• Finally, treat it as a one-time event. While your insurance broker or agent may brush it off, repeated occurrences of reinstatements are unfavourable with your insurer.

Fines for driving without insurance 

  First offence Second offence
Ontario $5,000-$25,000 $10,000 – $50,000
BC $598 $2,300 (if you lose in court)
Alberta $2,875-$10,000 $5,000 – $20,000
Saskatchewan $580 7-day vehicle seizure
Manitoba $5,000-$25,000  
Quebec $2,800  
New Brunswick $500-$2,000  
Newfoundland $2,000-$4,000 $3,000-$5,000
Nova Scotia $2,000-$4,000 $3,000-$5,000
Prince Edward Island $600-$2,000  
Northwest Territories $500-$5,000  
Yukon $400-$2,000 $700-$2,000
Nunavut $500-$50,000  

 

Driving without insurance in Ontario

Fines start at $5,000, but it doesn’t stop there. Ontario car insurance regulator, FSRAO, will also add a 25% surcharge to your fine. Your license is suspended for a minimum of 30 days, but you could face a driver’s license suspension for a year. Finally, your car may be impounded for 3 months. It’s not a criminal offence, and you don’t receive demerit points.

Driving without insurance in Alberta

The penalty for driving without insurance in Alberta starts with fines at $2,875, but failure to pay can land you in jail for up to 6 months. It’s not a criminal offence, but you do risk losing your license if it ends up in court.

Is driving without insurance a criminal offence in Canada?

No, it’s not a criminal offence, but as you can see, fines and penalties vary by province. In the Atlantic region, for instance, provinces can suspend and impound your vehicle, face jail time, and have your license suspended. Failure to show proof of insurance, even if you have it, may incur other fines and penalties, though, a lesser charge.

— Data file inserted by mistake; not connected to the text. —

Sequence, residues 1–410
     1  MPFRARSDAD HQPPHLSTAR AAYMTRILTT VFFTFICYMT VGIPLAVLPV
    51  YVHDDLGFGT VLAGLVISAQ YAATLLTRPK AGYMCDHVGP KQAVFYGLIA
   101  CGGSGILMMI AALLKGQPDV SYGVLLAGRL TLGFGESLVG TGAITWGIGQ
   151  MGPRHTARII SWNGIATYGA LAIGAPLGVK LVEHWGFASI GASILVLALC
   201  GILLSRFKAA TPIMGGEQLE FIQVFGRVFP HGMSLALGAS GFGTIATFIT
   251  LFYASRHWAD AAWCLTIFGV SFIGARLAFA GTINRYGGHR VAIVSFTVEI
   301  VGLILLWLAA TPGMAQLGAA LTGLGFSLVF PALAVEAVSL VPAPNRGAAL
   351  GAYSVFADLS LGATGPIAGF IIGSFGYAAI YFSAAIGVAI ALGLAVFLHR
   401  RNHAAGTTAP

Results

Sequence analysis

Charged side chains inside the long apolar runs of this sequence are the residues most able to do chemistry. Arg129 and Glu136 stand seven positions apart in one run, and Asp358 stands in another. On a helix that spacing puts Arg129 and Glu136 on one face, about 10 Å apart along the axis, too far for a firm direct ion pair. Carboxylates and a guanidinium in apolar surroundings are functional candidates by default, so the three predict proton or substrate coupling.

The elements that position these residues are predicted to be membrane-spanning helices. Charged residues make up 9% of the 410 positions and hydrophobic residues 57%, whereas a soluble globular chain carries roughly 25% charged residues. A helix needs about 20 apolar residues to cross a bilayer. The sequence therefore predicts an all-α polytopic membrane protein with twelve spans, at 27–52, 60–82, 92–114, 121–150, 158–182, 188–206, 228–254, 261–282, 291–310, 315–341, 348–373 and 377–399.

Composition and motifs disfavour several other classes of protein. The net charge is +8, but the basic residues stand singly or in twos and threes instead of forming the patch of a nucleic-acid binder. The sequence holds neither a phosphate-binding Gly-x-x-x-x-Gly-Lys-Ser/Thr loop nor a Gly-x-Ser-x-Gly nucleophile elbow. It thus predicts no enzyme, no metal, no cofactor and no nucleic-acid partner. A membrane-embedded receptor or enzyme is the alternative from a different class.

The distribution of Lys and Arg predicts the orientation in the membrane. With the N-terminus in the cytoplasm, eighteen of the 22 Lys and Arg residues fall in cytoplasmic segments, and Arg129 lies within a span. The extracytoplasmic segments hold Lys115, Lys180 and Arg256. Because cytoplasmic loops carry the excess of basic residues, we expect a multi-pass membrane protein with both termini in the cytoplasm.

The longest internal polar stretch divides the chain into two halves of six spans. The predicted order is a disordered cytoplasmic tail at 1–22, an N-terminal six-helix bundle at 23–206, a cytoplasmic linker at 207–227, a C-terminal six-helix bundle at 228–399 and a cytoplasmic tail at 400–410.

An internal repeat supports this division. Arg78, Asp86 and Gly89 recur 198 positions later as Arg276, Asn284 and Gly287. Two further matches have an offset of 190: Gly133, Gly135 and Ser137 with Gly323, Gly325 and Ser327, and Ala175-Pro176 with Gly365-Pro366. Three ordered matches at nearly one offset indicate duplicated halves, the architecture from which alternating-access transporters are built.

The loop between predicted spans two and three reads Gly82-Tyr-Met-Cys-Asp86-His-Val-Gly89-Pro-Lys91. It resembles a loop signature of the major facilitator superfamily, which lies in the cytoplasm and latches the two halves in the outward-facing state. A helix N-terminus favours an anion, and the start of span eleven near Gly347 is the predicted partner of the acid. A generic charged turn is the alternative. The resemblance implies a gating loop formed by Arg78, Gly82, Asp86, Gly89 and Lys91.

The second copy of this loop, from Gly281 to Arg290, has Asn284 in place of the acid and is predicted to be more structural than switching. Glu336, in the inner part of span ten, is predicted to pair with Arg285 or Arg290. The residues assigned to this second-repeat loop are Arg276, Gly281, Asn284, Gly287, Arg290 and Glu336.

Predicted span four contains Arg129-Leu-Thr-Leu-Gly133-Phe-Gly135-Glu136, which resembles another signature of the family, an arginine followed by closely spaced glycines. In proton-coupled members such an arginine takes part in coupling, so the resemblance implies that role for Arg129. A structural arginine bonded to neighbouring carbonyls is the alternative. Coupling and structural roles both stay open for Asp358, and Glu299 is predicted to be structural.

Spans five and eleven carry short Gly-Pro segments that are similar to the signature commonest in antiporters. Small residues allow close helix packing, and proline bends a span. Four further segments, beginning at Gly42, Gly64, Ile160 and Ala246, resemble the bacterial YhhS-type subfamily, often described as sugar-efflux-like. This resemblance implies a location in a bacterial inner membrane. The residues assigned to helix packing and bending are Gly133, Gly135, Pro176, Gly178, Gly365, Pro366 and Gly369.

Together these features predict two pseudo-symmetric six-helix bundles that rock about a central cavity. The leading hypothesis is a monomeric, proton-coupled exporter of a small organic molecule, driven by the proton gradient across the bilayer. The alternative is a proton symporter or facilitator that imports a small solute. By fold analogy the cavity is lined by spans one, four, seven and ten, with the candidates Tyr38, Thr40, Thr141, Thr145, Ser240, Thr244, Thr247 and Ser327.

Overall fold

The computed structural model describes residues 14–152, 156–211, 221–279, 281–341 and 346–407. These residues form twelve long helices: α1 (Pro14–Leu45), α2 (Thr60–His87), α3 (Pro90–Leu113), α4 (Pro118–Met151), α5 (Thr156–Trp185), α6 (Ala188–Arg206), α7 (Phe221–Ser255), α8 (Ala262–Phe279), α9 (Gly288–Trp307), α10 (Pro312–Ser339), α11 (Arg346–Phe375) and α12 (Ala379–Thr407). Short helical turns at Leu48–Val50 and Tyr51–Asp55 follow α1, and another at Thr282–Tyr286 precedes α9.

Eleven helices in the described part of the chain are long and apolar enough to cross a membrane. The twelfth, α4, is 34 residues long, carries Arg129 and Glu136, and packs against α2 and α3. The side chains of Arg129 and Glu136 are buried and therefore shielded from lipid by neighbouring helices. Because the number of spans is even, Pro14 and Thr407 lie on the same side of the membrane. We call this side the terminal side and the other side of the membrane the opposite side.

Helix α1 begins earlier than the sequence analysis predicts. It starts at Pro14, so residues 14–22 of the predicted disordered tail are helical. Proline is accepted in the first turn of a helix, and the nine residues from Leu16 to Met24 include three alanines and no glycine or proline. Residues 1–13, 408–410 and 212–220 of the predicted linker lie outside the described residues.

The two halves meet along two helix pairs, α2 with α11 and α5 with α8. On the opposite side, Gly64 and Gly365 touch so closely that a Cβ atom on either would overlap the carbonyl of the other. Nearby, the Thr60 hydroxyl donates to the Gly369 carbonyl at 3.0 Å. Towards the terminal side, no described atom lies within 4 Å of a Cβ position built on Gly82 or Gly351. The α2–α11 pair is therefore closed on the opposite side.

Can you keep a car without insurance?

Yes, but be aware of your risks. While you probably won’t require collision insurance, it’s smart to keep comprehensive insurance on your vehicle to protect it from vandalism, falling trees, and other risks associated with a parked car.

Driving without a license

In Ontario, you’ll face fines of $200 to $1,000. Driving without a license in Alberta is a $2,000 fine, and you could also face jail time of 14 days to 6 months. In BC, it’s a $500 charge and up to 6 months in jail for a first offence. So, while driving without insurance is a significant risk, so is driving without a license. 

So, don’t drive without a license, either.

The bottom line

Driving without insurance is not a risk worth taking. We already laid out the fines and penalties. If you get into an accident without insurance, you’ll be held responsible for paying for the repairs to your car, the cost of any medical bills. If you’re found at fault, you’ll also be liable for any resulting charges. The charges could be the person’s vehicle, their medical expenses, but also replacing their income if they’re unable to return to work. Finally, trying to get insurance afterwards, and, well, let’s just say, you won’t be getting any cheap car insurance quotes.